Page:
MODULE 4. The importance of staff-family relationships

Watch the video and come to better understand the family, the benefits of good staff-family relationships and how to build them.

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Brenda’s Story

“About seven years ago Mum was diagnosed with Alzheimer's disease. Mum had been having memory problems for a while - forgetting what things were called, people’s names, directions and that sort of thing. Still, it was a shock when she was diagnosed, and I was devastated. Mum had always been my best friend. We used to talk about everything, especially since Dad died.

At first I cut down to part time work to help mum manage things around the house. She was struggling more and more with things like laundry, cleaning, cooking, and the garden. She stopped going out and stopped using the telephone to call people she used to stay in touch with. I just wanted to give her some company and keep an eye on her. My sister and I used to take turns taking her shopping and to appointments. For the first couple of years we managed OK, but then my sister moved interstate and Mum's dementia started getting worse. She couldn’t manage meal preparation anymore and really struggled looking after herself. She needed help with showering, dressing, even going to the toilet. She began to do things like put the plug in the sink and leave the taps running until the sink overflowed. A couple of times she forgot to turn the gas off, and I realised it just wasn’t safe to leave her alone, so I quit my job and moved in with her.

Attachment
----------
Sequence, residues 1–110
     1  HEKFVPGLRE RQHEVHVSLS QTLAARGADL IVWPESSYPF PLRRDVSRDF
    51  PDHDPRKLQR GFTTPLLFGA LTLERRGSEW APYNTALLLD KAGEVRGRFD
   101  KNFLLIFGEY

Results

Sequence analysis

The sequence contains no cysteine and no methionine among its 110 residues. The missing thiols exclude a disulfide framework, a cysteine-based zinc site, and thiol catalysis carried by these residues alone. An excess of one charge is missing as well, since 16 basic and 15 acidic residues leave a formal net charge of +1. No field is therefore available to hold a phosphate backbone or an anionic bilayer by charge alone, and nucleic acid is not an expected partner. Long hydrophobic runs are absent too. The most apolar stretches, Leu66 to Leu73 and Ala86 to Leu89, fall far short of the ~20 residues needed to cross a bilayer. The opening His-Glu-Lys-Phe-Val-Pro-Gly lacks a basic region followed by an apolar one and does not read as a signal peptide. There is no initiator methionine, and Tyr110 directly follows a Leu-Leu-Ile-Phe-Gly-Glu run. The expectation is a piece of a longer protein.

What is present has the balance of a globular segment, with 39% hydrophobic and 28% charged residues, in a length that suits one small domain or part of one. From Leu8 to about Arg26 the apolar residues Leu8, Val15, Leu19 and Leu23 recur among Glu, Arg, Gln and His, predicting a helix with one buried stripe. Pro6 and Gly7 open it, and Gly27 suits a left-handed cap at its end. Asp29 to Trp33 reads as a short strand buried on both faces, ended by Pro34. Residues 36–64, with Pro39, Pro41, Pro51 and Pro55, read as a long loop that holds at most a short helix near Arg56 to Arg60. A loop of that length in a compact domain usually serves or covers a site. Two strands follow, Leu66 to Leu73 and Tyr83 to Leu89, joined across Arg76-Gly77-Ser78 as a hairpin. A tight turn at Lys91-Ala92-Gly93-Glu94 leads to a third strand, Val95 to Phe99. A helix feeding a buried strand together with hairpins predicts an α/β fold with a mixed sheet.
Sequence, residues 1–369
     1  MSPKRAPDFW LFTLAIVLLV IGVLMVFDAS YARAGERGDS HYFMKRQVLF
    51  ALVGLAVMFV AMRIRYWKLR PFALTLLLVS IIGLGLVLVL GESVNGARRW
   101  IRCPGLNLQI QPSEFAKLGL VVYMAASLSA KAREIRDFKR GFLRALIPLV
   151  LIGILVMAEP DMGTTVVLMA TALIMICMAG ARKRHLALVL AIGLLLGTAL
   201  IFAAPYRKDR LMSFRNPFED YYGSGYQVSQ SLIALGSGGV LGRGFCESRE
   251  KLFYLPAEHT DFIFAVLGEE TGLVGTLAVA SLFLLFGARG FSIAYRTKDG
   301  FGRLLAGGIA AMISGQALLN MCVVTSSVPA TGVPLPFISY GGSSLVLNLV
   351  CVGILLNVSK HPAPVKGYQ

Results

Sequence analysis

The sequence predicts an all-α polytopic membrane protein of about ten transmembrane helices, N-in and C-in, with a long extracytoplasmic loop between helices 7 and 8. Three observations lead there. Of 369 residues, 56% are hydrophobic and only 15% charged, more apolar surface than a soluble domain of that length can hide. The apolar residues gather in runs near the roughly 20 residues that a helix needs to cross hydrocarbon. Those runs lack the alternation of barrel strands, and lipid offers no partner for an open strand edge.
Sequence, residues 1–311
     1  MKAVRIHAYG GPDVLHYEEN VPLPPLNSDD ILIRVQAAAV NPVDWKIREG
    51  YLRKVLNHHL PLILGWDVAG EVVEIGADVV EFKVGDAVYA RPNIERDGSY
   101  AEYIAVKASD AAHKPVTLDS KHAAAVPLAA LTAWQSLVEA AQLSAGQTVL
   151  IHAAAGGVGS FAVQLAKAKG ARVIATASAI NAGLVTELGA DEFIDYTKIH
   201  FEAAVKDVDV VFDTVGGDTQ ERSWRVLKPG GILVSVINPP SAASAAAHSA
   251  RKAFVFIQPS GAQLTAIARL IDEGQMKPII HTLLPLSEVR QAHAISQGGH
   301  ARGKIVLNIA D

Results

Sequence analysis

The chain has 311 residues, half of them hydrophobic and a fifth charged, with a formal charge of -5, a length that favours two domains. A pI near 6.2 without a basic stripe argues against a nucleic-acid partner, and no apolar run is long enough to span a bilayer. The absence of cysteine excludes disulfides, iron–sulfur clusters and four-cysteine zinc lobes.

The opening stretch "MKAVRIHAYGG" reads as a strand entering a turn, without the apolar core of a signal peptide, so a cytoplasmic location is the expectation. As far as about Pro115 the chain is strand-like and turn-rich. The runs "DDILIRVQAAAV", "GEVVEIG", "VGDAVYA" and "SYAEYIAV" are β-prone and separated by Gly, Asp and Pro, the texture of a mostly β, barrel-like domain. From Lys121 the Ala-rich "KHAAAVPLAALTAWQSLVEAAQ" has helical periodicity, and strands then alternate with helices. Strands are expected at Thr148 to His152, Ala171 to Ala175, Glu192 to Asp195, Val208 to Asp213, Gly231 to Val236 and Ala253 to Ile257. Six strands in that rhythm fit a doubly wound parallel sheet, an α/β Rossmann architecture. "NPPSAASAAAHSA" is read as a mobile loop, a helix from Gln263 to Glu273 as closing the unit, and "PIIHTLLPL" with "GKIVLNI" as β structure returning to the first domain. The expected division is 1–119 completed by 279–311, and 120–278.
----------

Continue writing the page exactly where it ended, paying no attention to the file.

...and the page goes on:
I had always had a great social life with lots of friends, but the longer I cared for Mum and the more her needs increased the less time and energy I had to go out. Mum would often wake up in the middle of the night and wander around the house calling out for Dad until I got up to comfort her. Earlier on, my friends used to still invite me out for dinner or a movie, but after a sleepless night and a full day looking after Mum all I wanted to do was lie on the couch. Gradually, they stopped inviting me, because even when I did go out I had nothing to talk about except what I did looking after mum. They didn't understand what I was going through. How could I explain to them what it was like to have to clean Mum up because she couldn’t go to the toilet? Although Mum and I still had many good times, filled with laughter and cuddles, she continued to deteriorate. Eventually, I had to give up playing tennis and going to French classes as well. I just didn’t feel comfortable leaving Mum alone in the house, and I didn’t trust anybody else to keep an eye on her. Instead, I spent most evenings sitting alone in front of the television after helping Mum to bed, exhausted and crying. I felt angry that my life had come to this, and I resented Mum. At the same time I really missed her – the person she used to be. Even though there were moments where she would astound me with an observation or insight, for the most part it was like she was already gone.

I tried to explain to Mum that I thought we should sell her house and downsize to a smaller flat. Mum didn’t understand and just yelled abuse at me and accused me of trying to steal from her. It was so hard for me, to hear my gentle kind mother yelling abuse like that. I begged my sister to come home to help, but she had two little kids and wasn’t keen to leave them. She told me I should put Mum into a nursing home. I was horrified. How could I do that to Mum? What kind of daughter was I for even considering that? I felt so guilty. Mum was very particular about things. Nobody knew her like I did or could look after her properly. I couldn’t leave her with other people, especially a bunch of strangers.”

You have now concluded this module. Please speak to your manager if you have any further questions or concerns.